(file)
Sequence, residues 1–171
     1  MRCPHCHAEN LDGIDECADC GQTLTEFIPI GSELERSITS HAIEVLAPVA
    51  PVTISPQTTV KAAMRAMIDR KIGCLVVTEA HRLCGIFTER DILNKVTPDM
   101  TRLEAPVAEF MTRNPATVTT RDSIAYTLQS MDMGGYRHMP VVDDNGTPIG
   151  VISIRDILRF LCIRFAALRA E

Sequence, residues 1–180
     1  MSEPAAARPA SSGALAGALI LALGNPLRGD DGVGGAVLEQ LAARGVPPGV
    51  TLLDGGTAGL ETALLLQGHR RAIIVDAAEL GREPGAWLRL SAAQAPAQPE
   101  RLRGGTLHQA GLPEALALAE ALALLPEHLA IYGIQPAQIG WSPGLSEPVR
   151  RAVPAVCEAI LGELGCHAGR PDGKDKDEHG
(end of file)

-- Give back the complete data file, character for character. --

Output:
Sequence, residues 1–171
     1  MRCPHCHAEN LDGIDECADC GQTLTEFIPI GSELERSITS HAIEVLAPVA
    51  PVTISPQTTV KAAMRAMIDR KIGCLVVTEA HRLCGIFTER DILNKVTPDM
   101  TRLEAPVAEF MTRNPATVTT RDSIAYTLQS MDMGGYRHMP VVDDNGTPIG
   151  VISIRDILRF LCIRFAALRA E

Sequence, residues 1–180
     1  MSEPAAARPA SSGALAGALI LALGNPLRGD DGVGGAVLEQ LAARGVPPGV
    51  TLLDGGTAGL ETALLLQGHR RAIIVDAAEL GREPGAWLRL SAAQAPAQPE
   101  RLRGGTLHQA GLPEALALAE ALALLPEHLA IYGIQPAQIG WSPGLSEPVR
   151  RAVPAVCEAI LGELGCHAGR PDGKDKDEHG